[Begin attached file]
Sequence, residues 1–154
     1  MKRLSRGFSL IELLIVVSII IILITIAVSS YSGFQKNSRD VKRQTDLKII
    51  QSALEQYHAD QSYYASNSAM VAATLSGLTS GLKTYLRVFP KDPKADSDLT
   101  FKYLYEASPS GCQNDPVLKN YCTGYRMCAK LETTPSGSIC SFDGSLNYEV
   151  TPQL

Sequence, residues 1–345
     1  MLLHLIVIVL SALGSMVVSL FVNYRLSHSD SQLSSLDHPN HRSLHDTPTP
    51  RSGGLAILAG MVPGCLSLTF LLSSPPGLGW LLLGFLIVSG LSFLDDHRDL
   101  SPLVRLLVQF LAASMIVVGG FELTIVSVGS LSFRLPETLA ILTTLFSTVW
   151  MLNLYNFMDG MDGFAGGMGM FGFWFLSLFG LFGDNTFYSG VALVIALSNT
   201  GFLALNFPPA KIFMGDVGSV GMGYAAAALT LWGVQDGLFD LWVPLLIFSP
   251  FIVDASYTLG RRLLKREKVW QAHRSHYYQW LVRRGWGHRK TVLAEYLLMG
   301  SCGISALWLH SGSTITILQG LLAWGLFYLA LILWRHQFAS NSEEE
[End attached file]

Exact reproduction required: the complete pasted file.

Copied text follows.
Sequence, residues 1–154
     1  MKRLSRGFSL IELLIVVSII IILITIAVSS YSGFQKNSRD VKRQTDLKII
    51  QSALEQYHAD QSYYASNSAM VAATLSGLTS GLKTYLRVFP KDPKADSDLT
   101  FKYLYEASPS GCQNDPVLKN YCTGYRMCAK LETTPSGSIC SFDGSLNYEV
   151  TPQL

Sequence, residues 1–345
     1  MLLHLIVIVL SALGSMVVSL FVNYRLSHSD SQLSSLDHPN HRSLHDTPTP
    51  RSGGLAILAG MVPGCLSLTF LLSSPPGLGW LLLGFLIVSG LSFLDDHRDL
   101  SPLVRLLVQF LAASMIVVGG FELTIVSVGS LSFRLPETLA ILTTLFSTVW
   151  MLNLYNFMDG MDGFAGGMGM FGFWFLSLFG LFGDNTFYSG VALVIALSNT
   201  GFLALNFPPA KIFMGDVGSV GMGYAAAALT LWGVQDGLFD LWVPLLIFSP
   251  FIVDASYTLG RRLLKREKVW QAHRSHYYQW LVRRGWGHRK TVLAEYLLMG
   301  SCGISALWLH SGSTITILQG LLAWGLFYLA LILWRHQFAS NSEEE